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Terminating an Employee is Never Easy (Part 1)

LLOYDMINSTER, Saskatchewan — In my many years of business, from time to time it was necessary to discharge an employee. I found it difficult the first time and equally hard the last. It is a safe assumption that if you must discharge a member of your staff, particularly one who has been with you for some time, it would be equally difficult.

When this person accepted a position in your drycleaning plant, both parties were optimistic. However, with some, not everything works out as intended and there must be a parting of the ways. Some may go amicably, some will be fuming, while others threaten legal action for wrongful dismissal. No matter which, it is always engenders intense emotions for all parties—you, the discharged employee and those who remain.

The potential for litigation makes this situation still more onerous. If not handled with discretion, it could generate a costly-to-defend lawsuit. This could also apply to “constructive dismissal,” whereby the creation of an oppressive environment forces the employee to leave. Oversights made before, during the exit interview and after the discharge can significantly affect both employer and employee.


“Just cause” means that the employer has a valid reason to fire this person. The reasons are numerous and would include such infractions as unsatisfactory workmanship; incompetency; excessive absence/lateness; inappropriate behavior; sexual misconduct; usage of drugs or alcohol on the job; being belligerent to customers and other staff members; and so forth.

Too often, it is easy to assume that the problem(s), if sufficiently ignored, will just disappear. This is wishful thinking. Problems usually don’t go away. If anything, in most cases, they are exacerbated over time.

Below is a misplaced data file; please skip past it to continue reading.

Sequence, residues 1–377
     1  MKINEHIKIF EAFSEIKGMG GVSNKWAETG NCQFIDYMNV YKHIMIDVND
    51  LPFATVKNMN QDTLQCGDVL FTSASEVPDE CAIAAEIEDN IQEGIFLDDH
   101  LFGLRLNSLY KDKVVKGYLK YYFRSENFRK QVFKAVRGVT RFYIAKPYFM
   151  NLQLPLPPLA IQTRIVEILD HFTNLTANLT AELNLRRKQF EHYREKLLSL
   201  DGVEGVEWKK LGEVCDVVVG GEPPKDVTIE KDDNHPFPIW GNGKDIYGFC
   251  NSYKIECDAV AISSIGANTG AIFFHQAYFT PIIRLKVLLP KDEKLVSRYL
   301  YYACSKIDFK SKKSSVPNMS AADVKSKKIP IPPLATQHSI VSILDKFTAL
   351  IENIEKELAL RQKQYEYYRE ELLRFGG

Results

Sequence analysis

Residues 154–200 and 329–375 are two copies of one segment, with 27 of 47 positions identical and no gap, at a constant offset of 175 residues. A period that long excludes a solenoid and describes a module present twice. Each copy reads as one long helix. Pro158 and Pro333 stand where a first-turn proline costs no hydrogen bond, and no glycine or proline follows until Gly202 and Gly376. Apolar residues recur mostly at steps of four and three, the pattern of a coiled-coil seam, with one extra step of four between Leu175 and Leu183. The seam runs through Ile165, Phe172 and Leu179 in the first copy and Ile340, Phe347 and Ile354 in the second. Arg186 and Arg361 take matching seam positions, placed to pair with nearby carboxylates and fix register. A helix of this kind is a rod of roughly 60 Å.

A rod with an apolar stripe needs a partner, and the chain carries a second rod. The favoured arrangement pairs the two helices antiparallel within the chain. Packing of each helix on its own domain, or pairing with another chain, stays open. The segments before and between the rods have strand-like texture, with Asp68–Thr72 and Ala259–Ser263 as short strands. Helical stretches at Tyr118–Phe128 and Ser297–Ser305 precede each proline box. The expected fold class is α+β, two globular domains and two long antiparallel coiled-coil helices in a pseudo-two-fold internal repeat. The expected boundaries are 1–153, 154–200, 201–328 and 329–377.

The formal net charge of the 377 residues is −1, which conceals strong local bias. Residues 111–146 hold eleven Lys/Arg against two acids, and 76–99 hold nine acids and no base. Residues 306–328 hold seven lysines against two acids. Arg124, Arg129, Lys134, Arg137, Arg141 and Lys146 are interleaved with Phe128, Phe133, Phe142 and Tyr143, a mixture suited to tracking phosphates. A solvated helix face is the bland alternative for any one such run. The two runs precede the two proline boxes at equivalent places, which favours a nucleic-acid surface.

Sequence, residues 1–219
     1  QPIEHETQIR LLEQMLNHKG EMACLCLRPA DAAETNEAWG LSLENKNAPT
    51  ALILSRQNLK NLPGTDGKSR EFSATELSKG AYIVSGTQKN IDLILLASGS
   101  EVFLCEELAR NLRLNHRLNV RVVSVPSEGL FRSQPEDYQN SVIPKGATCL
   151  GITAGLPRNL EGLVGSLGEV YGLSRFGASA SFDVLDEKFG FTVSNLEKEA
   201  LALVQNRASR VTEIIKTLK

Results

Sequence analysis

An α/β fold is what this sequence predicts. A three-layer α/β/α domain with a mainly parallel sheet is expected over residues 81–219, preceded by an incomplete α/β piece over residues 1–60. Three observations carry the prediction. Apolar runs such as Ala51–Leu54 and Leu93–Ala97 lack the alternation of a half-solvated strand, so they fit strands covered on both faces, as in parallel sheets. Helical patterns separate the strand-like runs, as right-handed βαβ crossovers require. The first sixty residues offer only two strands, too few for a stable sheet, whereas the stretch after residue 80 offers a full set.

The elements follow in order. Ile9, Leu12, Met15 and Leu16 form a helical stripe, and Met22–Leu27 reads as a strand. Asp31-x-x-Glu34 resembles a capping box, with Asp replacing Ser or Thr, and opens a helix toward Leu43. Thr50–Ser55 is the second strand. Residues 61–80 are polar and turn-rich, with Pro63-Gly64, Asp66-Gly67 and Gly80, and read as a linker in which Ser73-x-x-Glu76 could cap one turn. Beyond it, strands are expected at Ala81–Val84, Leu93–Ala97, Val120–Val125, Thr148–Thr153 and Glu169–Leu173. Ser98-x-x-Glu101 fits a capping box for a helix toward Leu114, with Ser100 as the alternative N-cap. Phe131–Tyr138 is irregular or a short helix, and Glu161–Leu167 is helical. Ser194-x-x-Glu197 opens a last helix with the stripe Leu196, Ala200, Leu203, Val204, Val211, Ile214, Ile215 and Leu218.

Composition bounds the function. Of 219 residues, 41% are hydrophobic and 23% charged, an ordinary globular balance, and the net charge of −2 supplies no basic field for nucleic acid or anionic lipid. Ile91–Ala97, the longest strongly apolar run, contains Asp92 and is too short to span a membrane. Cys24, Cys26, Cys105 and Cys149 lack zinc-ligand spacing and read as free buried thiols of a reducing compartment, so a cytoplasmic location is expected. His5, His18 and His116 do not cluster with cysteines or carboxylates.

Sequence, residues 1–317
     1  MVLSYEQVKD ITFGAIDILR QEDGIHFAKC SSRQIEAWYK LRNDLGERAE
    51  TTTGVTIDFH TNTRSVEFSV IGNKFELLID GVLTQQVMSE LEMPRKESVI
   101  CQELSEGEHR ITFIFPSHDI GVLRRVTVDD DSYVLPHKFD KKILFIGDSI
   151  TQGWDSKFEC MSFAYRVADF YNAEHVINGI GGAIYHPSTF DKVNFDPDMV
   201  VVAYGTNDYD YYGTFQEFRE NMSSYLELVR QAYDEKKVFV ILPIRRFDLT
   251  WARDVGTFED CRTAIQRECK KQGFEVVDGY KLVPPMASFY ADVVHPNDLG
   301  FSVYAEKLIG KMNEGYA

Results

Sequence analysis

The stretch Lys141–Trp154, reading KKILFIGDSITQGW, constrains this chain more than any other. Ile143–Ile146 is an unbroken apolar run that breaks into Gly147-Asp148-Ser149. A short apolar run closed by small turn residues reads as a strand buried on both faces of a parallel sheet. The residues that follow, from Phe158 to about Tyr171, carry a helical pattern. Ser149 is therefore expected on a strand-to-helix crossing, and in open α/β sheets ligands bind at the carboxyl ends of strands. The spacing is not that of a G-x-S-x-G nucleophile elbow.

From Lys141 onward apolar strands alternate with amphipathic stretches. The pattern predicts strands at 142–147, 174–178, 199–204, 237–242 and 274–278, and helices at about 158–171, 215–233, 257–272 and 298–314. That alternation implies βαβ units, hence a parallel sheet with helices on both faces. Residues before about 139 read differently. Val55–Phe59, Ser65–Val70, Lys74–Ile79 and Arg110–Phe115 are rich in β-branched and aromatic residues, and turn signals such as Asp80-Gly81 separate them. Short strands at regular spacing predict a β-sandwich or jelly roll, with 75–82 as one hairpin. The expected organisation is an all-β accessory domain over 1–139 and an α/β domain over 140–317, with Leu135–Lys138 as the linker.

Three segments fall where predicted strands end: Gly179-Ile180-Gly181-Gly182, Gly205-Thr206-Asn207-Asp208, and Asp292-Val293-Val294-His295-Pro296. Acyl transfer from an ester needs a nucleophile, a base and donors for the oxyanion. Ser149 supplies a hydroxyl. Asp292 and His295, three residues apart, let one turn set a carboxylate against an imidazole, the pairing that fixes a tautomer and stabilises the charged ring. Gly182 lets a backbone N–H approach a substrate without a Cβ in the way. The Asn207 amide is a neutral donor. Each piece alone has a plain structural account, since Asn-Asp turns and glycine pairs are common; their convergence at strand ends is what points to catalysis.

Today’s labor laws appear to be structured in favor of the employee. One only has to read the multitude of advertisements by law firms to see that none are for the benefit of the employers. However, this does not limit your right to discharge an employee for a good reason or for no reason at all such as dissatisfaction with this person. Just ensure that the discharge is not prejudicial or could be classified as “wrongful dismissal.” This would include discrimination on the basis of race, sex, religion, age, nationality or sexual orientation. You cannot fire an employee who filed a discrimination claim, refused to commit an illegal act, or has a statutory right.

However, the law is not unfair. It provides the employer the opportunity to prove that the dismissal was not wrongful or prejudicial. Still, be careful! Methodically document the reasons and the steps you have taken in bringing about this action.

If involving an older person or one who has been your employee for several years, it is wise to consult with your lawyer and lay out the plan. You may have to defend your action before a judge. You might not be guilty of wrongful dismissal but the cost of proving your innocence could be exorbitant.

If you are sued, never take with you into court any notes that could be construed as having even the slightest hint of prejudice. Better yet, don’t take any paper of any kind. Some years ago, when defending a major project foreclosure, opposing counsel snatched my sheath of notes and used some of the information therein against me. The worth of my testimony was somewhat reduced. Destroy any such data that may be in your files.


Discharging an employee should never be a “shoot from the hip” reaction to a specific situation. It should be a well-thought-out yet timely process. Still, don’t delay it unnecessarily.

When operating a real estate and business appraisal practice, an employee appraiser struggled with appraisals, and I struggled with him for about six months. Had this chap been discharged much earlier, I would have done both of us a favor. There was no way to correct his poor performance. He had the desire to be an appraiser but lacked the ability. Good at book learning but poor in practice! When in a similar situation, you must satisfy yourself that you have taken all steps to ensure that terminating this employee is the correct action and is best for all.

Information in this article is provided for educational and reference purposes only. It is not intended to provide specific advice or individual recommendations. Consult an attorney for advice regarding your particular situation.

Check back Monday for the conclusion!


(Photo: © iStockphoto/Imageegaml)

Have a question or comment? E-mail our editor Dave Davis at [email protected].